A section of pilots of Kingfisher Airlines on Tuesday went on a strike over non-payment of salary and other dues for the past five months, forcing cancellation of five flights.
Airline officials said the pilots who did not report to work were those who operate the 70-seater ATR turboprop aircraft on short-haul routes connecting regional airports.
Kingfisher Airlines aircraft are seen lined up at the domestic airport in Mumbai. HT/Sattish Bate
In Delhi, two flights each to Dharamsala and Dehradun and one flight to Shimla have been cancelled by the Vijay Mallya-owned airline since Tuesday morning.
However, the Airbus A-320 operations of Kingfisher were going on as per the normal schedule, the officials maintained.
This is the second time in last eight days that the airline's pilots have gone on an agitation over non-payment of their dues.
"A section of the airline's pilots, mainly operating ATRs, did not report for duty on the salary payment issue. Owing to the agitation, the airline has cancelled five flights as we could not get pilots to operate the aircraft," the officials told PTI.
The number of pilots who have joined the agitation is not immediately known, they said, adding that Kingfisher CEO Sanjay Aggarwal was expected to meet the agitators soon.
Kingfisher Airlines spokesperson was not immediately available for comment.
On July 2, when the pilots in Mumbai had threatened a strike, the management representatives had a meeting with the Mumbai-based employees and promised to start disbursing salaries from July 6.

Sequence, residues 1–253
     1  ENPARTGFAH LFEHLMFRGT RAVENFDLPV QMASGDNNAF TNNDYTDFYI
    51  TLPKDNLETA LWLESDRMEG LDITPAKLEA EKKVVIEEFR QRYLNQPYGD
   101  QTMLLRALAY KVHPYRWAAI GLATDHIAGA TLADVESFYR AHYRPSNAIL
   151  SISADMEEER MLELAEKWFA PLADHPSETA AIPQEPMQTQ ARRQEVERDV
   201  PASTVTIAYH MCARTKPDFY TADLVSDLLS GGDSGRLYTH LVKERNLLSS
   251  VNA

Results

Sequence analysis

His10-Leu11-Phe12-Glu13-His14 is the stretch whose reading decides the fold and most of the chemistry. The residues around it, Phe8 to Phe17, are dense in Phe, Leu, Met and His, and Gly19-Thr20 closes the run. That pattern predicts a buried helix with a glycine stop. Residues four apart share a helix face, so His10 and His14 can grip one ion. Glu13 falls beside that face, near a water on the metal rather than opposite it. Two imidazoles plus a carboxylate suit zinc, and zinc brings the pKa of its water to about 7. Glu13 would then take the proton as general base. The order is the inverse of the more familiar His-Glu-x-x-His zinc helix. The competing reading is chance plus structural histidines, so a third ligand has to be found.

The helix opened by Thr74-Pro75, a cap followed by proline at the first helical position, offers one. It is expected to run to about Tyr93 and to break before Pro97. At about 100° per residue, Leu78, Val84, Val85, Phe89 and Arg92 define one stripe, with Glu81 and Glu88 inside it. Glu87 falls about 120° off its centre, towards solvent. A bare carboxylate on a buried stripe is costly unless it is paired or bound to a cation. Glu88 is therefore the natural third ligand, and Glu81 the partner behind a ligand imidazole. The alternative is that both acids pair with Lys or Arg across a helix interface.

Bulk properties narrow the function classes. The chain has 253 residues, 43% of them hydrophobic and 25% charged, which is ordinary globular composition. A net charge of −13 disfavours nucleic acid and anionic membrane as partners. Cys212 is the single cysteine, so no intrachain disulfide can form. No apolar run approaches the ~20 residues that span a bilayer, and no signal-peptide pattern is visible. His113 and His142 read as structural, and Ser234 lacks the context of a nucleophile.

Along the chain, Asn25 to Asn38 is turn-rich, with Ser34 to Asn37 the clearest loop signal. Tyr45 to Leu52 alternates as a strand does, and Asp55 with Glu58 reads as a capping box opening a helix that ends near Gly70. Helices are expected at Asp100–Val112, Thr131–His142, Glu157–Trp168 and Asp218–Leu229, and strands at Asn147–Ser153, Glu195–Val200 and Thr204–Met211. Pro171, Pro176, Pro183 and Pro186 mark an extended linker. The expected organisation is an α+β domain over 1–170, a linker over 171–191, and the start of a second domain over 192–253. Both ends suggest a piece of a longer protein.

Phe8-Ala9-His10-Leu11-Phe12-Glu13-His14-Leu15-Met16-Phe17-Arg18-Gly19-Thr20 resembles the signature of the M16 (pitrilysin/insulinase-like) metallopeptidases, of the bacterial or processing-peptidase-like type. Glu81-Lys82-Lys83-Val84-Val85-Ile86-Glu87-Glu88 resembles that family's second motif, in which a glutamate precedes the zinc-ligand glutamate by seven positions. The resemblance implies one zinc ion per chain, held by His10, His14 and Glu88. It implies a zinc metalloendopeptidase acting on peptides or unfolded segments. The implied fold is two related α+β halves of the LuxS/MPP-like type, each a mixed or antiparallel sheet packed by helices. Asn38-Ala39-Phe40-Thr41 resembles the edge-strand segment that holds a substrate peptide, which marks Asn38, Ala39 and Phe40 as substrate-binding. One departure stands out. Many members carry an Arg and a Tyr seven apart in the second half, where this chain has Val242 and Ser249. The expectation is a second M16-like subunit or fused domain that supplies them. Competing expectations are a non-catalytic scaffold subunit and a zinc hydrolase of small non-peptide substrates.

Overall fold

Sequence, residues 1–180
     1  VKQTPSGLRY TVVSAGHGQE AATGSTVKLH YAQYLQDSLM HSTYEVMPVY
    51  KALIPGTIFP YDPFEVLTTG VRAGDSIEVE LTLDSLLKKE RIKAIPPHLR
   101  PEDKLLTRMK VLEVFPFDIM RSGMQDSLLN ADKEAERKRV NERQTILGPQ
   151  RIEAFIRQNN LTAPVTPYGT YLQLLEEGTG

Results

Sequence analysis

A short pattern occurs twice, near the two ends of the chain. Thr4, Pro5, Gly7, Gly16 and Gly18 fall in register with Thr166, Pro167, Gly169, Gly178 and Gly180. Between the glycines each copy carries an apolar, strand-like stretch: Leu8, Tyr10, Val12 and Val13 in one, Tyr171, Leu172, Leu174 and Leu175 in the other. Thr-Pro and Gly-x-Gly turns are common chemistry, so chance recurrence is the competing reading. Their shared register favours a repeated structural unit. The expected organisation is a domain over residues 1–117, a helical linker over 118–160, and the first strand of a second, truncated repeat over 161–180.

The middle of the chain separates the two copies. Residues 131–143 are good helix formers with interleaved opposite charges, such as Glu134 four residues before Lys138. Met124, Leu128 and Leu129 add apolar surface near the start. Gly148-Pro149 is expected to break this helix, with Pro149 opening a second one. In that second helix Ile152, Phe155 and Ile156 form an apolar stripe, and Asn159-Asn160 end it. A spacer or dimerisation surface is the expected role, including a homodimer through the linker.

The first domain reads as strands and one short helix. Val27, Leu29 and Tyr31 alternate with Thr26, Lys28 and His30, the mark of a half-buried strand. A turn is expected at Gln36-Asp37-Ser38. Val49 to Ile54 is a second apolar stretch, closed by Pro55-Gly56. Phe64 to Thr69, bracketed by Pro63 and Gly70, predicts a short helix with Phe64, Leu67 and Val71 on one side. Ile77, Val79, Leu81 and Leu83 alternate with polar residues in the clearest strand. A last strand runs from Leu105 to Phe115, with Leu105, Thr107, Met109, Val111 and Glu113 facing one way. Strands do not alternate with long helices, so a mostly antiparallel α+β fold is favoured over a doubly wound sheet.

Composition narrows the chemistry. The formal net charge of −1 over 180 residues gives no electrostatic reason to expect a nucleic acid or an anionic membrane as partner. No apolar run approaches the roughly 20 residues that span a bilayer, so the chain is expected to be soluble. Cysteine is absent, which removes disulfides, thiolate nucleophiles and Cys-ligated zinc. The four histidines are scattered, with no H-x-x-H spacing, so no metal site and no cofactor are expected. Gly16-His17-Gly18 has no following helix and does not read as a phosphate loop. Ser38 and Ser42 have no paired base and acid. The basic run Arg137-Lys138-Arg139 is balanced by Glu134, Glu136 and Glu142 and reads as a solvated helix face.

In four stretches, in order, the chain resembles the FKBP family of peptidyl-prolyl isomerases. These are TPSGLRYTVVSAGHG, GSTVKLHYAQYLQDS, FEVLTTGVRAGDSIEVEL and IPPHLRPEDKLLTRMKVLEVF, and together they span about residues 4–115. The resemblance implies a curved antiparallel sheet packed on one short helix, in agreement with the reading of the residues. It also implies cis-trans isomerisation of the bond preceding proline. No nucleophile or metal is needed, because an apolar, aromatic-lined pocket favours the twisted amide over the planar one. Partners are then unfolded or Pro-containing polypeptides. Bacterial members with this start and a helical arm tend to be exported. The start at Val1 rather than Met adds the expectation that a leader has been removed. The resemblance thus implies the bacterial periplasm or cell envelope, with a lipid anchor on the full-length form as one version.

The meeting was attended by CEO Aggarwal, executive vice president Hitesh Patel and chief financial officer HG Raghunath, besides a cross-section of employees, including pilots, cabin crew, engineers and ground handling staff.
While a large chunk of junior staffers got part of their dues, the airline management said the pilots and other staff would be paid in a few days thereafter.
"The pilots' patience now seems to be running out. How long one can survive without pay for such a long time? The management is simply doling out promises but what we need is money," an agitating pilot, requesting anonymity, said.
Kingfisher is, at present, carrying out truncated domestic and international operations with about 15 aircraft, in place of 64.
A large number of its flight engineers have reportedly quit over the past five months, primarily due to delayed payments. In April this year, around 200 engineers reported sick as a mark of protest over the issue.
The airline, which has not posted profit since inception in May 2005, has reported a loss of Rs. 1,151.50 crore in the March quarter, has a debt of over Rs. 7,500 crore and almost an equal amount of accumulated losses.
Last week, the airline had said it planned to sell off two unused properties in Mumbai and Goa to partly repay its staggering debt. This was among the proposals Kingfisher management had put before a 17-member lenders' consortium last Thursday.
These properties are likely to fetch Rs. 120 crore -- Rs. 90 for the Mumbai property and Rs. 30 crore for the Goan villa -- going by the current market value.